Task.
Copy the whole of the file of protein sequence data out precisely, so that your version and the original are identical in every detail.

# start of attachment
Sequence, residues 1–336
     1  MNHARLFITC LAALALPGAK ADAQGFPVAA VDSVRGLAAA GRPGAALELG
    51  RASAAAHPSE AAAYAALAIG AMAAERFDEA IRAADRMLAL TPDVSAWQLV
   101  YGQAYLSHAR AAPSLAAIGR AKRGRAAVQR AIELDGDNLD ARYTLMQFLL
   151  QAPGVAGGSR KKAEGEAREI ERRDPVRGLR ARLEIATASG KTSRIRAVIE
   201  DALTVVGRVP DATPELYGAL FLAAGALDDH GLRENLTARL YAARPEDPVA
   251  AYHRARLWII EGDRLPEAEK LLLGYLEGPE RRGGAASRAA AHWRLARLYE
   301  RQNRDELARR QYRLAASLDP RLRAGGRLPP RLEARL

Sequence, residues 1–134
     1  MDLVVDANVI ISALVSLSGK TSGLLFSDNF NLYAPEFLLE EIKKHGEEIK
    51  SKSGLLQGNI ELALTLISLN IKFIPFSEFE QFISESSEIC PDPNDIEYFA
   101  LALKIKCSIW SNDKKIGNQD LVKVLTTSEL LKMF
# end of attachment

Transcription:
Sequence, residues 1–336
     1  MNHARLFITC LAALALPGAK ADAQGFPVAA VDSVRGLAAA GRPGAALELG
    51  RASAAAHPSE AAAYAALAIG AMAAERFDEA IRAADRMLAL TPDVSAWQLV
   101  YGQAYLSHAR AAPSLAAIGR AKRGRAAVQR AIELDGDNLD ARYTLMQFLL
   151  QAPGVAGGSR KKAEGEAREI ERRDPVRGLR ARLEIATASG KTSRIRAVIE
   201  DALTVVGRVP DATPELYGAL FLAAGALDDH GLRENLTARL YAARPEDPVA
   251  AYHRARLWII EGDRLPEAEK LLLGYLEGPE RRGGAASRAA AHWRLARLYE
   301  RQNRDELARR QYRLAASLDP RLRAGGRLPP RLEARL

Sequence, residues 1–134
     1  MDLVVDANVI ISALVSLSGK TSGLLFSDNF NLYAPEFLLE EIKKHGEEIK
    51  SKSGLLQGNI ELALTLISLN IKFIPFSEFE QFISESSEIC PDPNDIEYFA
   101  LALKIKCSIW SNDKKIGNQD LVKVLTTSEL LKMF